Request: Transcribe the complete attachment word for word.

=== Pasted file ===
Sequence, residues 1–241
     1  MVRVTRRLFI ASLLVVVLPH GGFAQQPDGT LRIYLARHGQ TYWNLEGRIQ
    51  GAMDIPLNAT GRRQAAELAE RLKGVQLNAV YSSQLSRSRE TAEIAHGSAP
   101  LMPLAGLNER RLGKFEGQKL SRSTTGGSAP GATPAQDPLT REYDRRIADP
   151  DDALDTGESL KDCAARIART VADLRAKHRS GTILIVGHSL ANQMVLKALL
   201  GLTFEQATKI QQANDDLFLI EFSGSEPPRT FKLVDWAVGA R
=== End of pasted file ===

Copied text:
Sequence, residues 1–241
     1  MVRVTRRLFI ASLLVVVLPH GGFAQQPDGT LRIYLARHGQ TYWNLEGRIQ
    51  GAMDIPLNAT GRRQAAELAE RLKGVQLNAV YSSQLSRSRE TAEIAHGSAP
   101  LMPLAGLNER RLGKFEGQKL SRSTTGGSAP GATPAQDPLT REYDRRIADP
   151  DDALDTGESL KDCAARIART VADLRAKHRS GTILIVGHSL ANQMVLKALL
   201  GLTFEQATKI QQANDDLFLI EFSGSEPPRT FKLVDWAVGA R